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Periodically send NEW data in a file


I need help in finding a possible strategy in this problem. I record data from sensors on a text file which can be very (very!) big after a few months. I want to periodically send data in that file over the internet and insert data in my remote database. In order to optimize internet traffic I would send only last data in the file, where "last" is, for example, the last hour of data acquisition. My idea was using a shift register containing the row of the last sent data in the file, and update it when data is trasmitted (it is not if, for example, there is no internet connection for some reasons). The problem is: what happens if the VI stops working? The shift register is re-inizialized, obvioulsy. So how can i manage this problem? Any suggestion? (A possible solution is saving the value of the last sent row in another file, but it seems inelegant to me)

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Message 1 of 10

Dindex82 wrote: So how can i manage this problem?

How often are you logging the data in the file?


I would suggest you just let the shift register initialize to an empty string.  As long as the value is empty, do not allow sending to your database.  As soon as you get a new line, you can update your database.

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Message 2 of 10

The file is updated every 30 seconds in my example. So every hour I should send 120 rows of data (if there internet connection is available, if it is not I should send 240 rows and so on)

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Message 3 of 10

@Dindex82 wrote:

The file is updated every 30 seconds in my example. So every hour I should send 120 rows of data (if there internet connection is available, if it is not I should send 240 rows and so on)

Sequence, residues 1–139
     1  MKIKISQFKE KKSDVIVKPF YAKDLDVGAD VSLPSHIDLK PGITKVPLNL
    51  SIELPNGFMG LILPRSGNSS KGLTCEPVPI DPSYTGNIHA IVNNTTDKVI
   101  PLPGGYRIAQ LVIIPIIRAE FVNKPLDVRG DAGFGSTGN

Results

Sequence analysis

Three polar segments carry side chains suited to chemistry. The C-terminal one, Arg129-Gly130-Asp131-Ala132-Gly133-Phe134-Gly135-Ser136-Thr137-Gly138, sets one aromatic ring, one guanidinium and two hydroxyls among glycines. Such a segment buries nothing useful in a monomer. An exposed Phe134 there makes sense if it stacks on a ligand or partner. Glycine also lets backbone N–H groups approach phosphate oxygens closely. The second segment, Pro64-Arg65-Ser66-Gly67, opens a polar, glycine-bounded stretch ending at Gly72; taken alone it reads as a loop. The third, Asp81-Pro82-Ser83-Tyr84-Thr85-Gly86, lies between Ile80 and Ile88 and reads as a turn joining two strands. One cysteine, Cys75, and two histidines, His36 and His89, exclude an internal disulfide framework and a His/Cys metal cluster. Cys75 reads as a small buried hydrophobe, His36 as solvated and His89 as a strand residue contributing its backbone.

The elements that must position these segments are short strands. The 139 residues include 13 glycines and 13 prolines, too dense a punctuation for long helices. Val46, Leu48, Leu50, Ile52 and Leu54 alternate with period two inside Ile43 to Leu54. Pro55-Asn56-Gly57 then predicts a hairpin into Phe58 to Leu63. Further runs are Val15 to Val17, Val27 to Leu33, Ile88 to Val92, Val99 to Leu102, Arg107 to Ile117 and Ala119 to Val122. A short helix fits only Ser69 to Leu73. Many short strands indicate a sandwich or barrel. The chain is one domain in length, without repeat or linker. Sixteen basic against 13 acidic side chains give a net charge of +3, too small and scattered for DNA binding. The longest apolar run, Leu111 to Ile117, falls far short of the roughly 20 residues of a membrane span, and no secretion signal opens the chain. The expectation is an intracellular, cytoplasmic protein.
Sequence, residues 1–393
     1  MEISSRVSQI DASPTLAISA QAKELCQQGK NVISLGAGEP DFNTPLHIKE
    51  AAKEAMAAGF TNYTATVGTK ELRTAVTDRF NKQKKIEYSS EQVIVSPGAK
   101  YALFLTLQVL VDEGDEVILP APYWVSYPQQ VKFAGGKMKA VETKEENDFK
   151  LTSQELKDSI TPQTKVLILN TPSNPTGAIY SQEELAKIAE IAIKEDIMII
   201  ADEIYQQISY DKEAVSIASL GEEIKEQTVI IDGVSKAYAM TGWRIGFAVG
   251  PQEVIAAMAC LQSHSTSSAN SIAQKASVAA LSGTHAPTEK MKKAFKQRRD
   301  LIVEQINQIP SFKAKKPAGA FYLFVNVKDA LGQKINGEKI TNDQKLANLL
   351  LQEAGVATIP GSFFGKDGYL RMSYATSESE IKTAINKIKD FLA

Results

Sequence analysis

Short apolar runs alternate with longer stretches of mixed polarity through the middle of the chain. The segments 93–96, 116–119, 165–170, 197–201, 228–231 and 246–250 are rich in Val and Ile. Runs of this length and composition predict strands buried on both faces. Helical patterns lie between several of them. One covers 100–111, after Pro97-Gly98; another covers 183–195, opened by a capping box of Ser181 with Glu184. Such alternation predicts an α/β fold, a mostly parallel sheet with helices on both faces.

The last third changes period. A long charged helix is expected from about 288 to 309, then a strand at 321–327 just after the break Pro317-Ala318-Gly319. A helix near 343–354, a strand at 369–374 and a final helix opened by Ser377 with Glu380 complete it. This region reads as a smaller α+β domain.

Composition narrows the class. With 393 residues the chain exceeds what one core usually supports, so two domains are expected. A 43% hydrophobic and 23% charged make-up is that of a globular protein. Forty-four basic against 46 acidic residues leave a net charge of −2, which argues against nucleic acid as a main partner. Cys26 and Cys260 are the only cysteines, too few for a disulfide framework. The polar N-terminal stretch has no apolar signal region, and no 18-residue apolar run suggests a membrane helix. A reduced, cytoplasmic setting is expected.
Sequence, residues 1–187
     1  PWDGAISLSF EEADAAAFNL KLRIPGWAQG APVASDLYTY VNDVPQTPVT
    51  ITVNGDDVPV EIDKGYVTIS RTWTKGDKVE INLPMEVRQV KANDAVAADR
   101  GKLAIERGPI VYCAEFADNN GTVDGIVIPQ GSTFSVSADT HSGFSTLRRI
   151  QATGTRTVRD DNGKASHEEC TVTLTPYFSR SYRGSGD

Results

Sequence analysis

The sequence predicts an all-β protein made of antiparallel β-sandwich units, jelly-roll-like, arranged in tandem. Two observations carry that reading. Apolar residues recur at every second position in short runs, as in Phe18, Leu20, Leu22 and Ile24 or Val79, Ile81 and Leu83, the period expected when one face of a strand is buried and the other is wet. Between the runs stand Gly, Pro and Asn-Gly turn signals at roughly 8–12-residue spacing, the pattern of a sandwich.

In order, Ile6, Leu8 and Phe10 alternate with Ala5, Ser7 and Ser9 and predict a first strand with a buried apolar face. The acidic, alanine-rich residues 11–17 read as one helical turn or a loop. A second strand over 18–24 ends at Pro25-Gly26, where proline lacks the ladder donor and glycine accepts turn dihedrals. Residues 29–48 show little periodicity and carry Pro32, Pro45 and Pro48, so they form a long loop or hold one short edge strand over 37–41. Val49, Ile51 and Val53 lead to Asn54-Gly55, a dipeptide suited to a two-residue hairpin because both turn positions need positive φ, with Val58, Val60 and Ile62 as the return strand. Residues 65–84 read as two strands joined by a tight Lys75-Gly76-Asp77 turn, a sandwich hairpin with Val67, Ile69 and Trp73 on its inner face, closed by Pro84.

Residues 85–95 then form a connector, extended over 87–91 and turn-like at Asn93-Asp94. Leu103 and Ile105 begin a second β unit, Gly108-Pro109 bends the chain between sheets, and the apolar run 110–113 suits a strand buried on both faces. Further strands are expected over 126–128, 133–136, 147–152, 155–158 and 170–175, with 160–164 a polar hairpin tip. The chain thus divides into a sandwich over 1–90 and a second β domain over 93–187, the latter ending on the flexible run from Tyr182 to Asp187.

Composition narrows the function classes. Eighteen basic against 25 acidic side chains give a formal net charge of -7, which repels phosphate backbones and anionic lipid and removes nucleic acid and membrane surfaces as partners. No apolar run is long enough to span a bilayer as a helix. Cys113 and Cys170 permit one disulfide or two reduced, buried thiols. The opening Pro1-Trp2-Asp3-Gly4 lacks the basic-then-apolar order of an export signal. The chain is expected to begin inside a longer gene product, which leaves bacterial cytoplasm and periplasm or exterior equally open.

Text compresses really well, why not just use LabVIEW built in ZIP file functions to compress a days worth of data and email it as an attachment and start a new file every day?


I have found if you are going to bother collecting data you might as well save it all, as it could come in handy reconstructing an event.


What if something that happened six hours ago setup a chain of events that caused a failure and you only save the last hour of data?


BTW: I have long term test running that saves data every minute that has been running for a couple YEARS!

Unfortunately, most readers of this Forum, including some real Experts, have not mastered the skill of being able to read the code that Posters fail to post. If we cannot see "what you did wrong", we are unable to tell you how to fix it. (Bob Schor 28 August 2018)
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Message 4 of 10

How much storage space do you have locally?  Since you don't want to lose data, and you are uncertain if you will always have a valid internet connection, be sure to save all the data locally.  Don't rely on memory in a shift regsister.


I don't think saving additional "data in a separate file is that bad of an idea.  It may seem inelegant to you, but for a remote device, you want reliability, not elegance.